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From Rick Meyer <R...@gatherinc.com>
Subject Bug with HTML and TEXT content types on org.apache.abdera.model.Content?
Date Tue, 30 Nov 2010 22:32:42 GMT
We are using the Abdera client software to transfer html documents to a
client¹s server.

In creating a Content object I have attempted to set the content type to
both TEXT and HTML and have run into an issue with each.

When I set the content type to HTML only the Œ<Œ char of the include html
ends up being HTML encoded, so <p> ends up like this &lt;p>
It should be encode like this though &lt;p&gt;

Actually when I set the content type to TEXT I get the exact same behavior.
So if the text includes <p> what ends up being sent out is &lt;p>

Now if I HTML encode the content myself, then the & character ends up being
double encoded. So what I end up with is &amp;lt;p&amp;gt;
It does this if I set the Content objects content type to HTML or TEXT.

I would expect the this last case to occur with HTML since that should be
HTML encoding the data anyways, but not for TEXT.

I started using the latest release version of Abdera (1.1) and have now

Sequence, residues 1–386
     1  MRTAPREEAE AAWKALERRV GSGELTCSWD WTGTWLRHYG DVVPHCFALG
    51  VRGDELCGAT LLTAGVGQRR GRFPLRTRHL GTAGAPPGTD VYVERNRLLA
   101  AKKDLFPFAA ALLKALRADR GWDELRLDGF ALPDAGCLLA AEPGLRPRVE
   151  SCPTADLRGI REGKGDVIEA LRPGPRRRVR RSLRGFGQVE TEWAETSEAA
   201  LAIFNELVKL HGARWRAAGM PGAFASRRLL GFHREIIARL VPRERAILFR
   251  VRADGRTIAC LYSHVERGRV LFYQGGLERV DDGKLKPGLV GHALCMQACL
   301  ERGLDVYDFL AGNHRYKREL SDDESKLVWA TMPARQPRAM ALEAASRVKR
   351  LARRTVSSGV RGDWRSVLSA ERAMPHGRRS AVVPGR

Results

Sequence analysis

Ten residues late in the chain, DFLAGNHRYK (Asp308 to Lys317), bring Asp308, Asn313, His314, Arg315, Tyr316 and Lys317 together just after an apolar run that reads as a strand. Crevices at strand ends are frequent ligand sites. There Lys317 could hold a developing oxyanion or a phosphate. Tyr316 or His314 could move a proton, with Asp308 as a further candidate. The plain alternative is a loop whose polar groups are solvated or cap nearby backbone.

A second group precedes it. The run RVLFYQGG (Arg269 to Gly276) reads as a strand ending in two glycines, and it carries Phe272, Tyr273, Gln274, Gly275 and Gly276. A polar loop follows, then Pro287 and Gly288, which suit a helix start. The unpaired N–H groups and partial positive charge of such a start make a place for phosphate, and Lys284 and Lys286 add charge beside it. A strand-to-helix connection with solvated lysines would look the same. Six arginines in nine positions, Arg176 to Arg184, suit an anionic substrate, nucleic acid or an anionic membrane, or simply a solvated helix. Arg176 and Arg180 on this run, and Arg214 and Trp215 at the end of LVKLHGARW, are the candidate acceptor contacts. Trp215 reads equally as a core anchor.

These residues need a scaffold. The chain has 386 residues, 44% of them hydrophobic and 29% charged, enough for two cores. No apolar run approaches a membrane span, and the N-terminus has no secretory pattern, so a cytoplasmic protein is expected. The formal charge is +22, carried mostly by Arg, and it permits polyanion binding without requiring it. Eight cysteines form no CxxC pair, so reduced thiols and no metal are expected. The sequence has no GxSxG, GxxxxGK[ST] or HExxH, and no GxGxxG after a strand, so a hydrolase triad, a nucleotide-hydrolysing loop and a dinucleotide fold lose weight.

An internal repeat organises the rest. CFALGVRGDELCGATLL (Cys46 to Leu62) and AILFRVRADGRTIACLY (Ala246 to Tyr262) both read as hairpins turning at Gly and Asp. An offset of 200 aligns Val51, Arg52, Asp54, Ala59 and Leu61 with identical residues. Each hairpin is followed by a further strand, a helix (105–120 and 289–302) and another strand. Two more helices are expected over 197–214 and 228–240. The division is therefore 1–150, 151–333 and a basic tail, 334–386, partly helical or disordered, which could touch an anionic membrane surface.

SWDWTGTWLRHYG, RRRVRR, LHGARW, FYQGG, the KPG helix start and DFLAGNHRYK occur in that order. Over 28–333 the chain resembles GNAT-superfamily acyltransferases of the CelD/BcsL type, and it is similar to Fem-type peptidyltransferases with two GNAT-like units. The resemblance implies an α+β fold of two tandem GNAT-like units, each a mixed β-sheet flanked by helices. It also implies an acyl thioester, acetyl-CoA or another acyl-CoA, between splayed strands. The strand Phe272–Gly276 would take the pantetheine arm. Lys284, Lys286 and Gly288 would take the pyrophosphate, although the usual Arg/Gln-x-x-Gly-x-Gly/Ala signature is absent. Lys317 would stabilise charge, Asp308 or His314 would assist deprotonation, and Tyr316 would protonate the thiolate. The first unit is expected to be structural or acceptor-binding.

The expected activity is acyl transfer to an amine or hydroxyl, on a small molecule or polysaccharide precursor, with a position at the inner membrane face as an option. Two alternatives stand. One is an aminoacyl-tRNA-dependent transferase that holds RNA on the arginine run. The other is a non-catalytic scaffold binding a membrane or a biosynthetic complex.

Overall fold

downloaded the latest source and built that myself and both versions have
the same behavior. 

Is it possible to resolve this issue immediately? Otherwise we may have to
scrap Abdera and find another solution.

Here is an example of what was being sent:

<entry 
xmlns="http://www.w3.org/2005/Atom"><id>281474978492700</id><author><name>Br
enda Daverin</name></author><title type="text">US Indicts 11 German and
Chinese Executives for Honey Smuggling</title><content type="text">&lt;p>For
many people with psoriasis, finding safe and effective treatments can be an
ever-moving target. There's no cure or universal fix, people respond
differently to treatment options, and even when you find a medication - or a
combination of them - that works, it may only be effective for a period of
time or may need to be stopped to avoid potentially damaging side
effects.&lt;/p>&lt;p>"There are a lot of treatments out there and they are
quite effective, but often they stop being effective," says Dr. Mark
Lebwohl, chair of the department of dermatology at Mount Sinai Medical
Center in New York City. "There isn't one treatment over a lifetime,
necessarily."&lt;/p></content><category /></entry>


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